The beauty of vitamin A derivatives in skin care is that their benefits are essentially endless. If you’ve ever been to the dermatologist, chances are you have been recommended or prescribed some form of vitamin A for your skin, whether it was topical or oral. This is because it is viewed as a catch-all treatment for almost all skin moods.

Here is a list of some, but not all, of the benefits vitamin A has for the skin:

The list can go on, but pretty much any skin mood you’re experiencing can probably be paired with a vitamin A derivative in your routine.


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How should it be used?

This is the tricky part when it comes to vitamin A. Because it is used to treat several different skin moods, it also has several different directions that are specific to the individual and the task at hand. There are some general rules regarding vitamin A in skin care.

The first cardinal rule is that less is more. While this remains true for several things in life, it is especially true and almost essential when first starting out with a vitamin A derivative.

The way that vitamin A works its magic is by increasing skin cell turnover. Your skin cells have a life cycle just like any other cell in your body. When your skin cells die, newer and healthier ones are already ready to replace them. Essentially, a vitamin A derivative works to speed up this process resulting in a faster turnover of skin cells meaning quicker healing of things like acne, acne scars, hyperpigmentation, and sunburns or sunspots.

While this is extremely beneficial to the health and appearance of your skin, it does oftentimes cause some adverse side effects when first introducing the product into your routine. Many people experience what dermatologists call a “purging” stage that lasts the first four to six weeks. All the skin’s impurities are pushed to the surface simultaneously because the skin cell turnover process is being accelerated. 


Via Giphy

While a purging stage is completely normal and expected, if your symptoms do not resolve after six to eight weeks with consistent use, or you experience severe burning, redness, or itching, stop using the product and contact your dermatologist. You may be having an allergic reaction, or your skin is sensitive and a lower concentration of retinol would be best.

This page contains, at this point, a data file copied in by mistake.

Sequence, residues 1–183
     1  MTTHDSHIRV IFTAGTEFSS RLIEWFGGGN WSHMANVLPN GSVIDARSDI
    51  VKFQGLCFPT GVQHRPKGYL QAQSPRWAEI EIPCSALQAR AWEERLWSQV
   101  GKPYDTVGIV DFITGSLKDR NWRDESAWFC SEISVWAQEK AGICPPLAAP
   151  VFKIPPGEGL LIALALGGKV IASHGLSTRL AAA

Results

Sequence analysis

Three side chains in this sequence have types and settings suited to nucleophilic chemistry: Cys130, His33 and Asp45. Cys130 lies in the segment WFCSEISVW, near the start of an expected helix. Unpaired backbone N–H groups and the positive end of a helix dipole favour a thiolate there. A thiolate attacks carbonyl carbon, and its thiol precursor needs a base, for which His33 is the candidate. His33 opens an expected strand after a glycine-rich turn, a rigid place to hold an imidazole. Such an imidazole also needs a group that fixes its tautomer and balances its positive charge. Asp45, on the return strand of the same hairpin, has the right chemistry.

Your dermatologist will most likely give you specifics on how often to use your vitamin A, but the general rule of thumb is to start slowly, using just twice a week, and gradually increase to every night. You only need a pea size amount of retinoic acid, no matter if it’s your first or thousandth time using it. Vitamin A is a powerful ingredient, and your skin only needs a small amount to see results.

Vitamin A is an essential ingredient when it comes to the health and appearance of your skin. It is recommended by dermatologists worldwide to treat a variety of skin moods. It is also a phenomenal preventative product in terms of aging and sun damage. Talk to your dermatologist about incorporating a form of vitamin A into your routine, but always remember that less is more.

Written by Jordan Hammaren


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  1. https://www.environskincare.com/vitamin-a/what-does-vitamin-a-do-for-your-skin/#:~:text=Vitamin%20A%20helps%20to%20speed,two%20layers%20of%20your%20skin
  2. https://www.ncbi.nlm.nih.gov/pmc/articles/PMC7764495/
  3. https://pubmed.ncbi.nlm.nih.gov/32359642/
  4. https://www.cell.com/current-biology/pdf/S0960-9822(07)02439-6.pdf
  5. https://www.healthline.com/health/vitamin-a-for-skin#vitamin-a-deficiency
  6. Photo by Thomas Kelley on Unsplash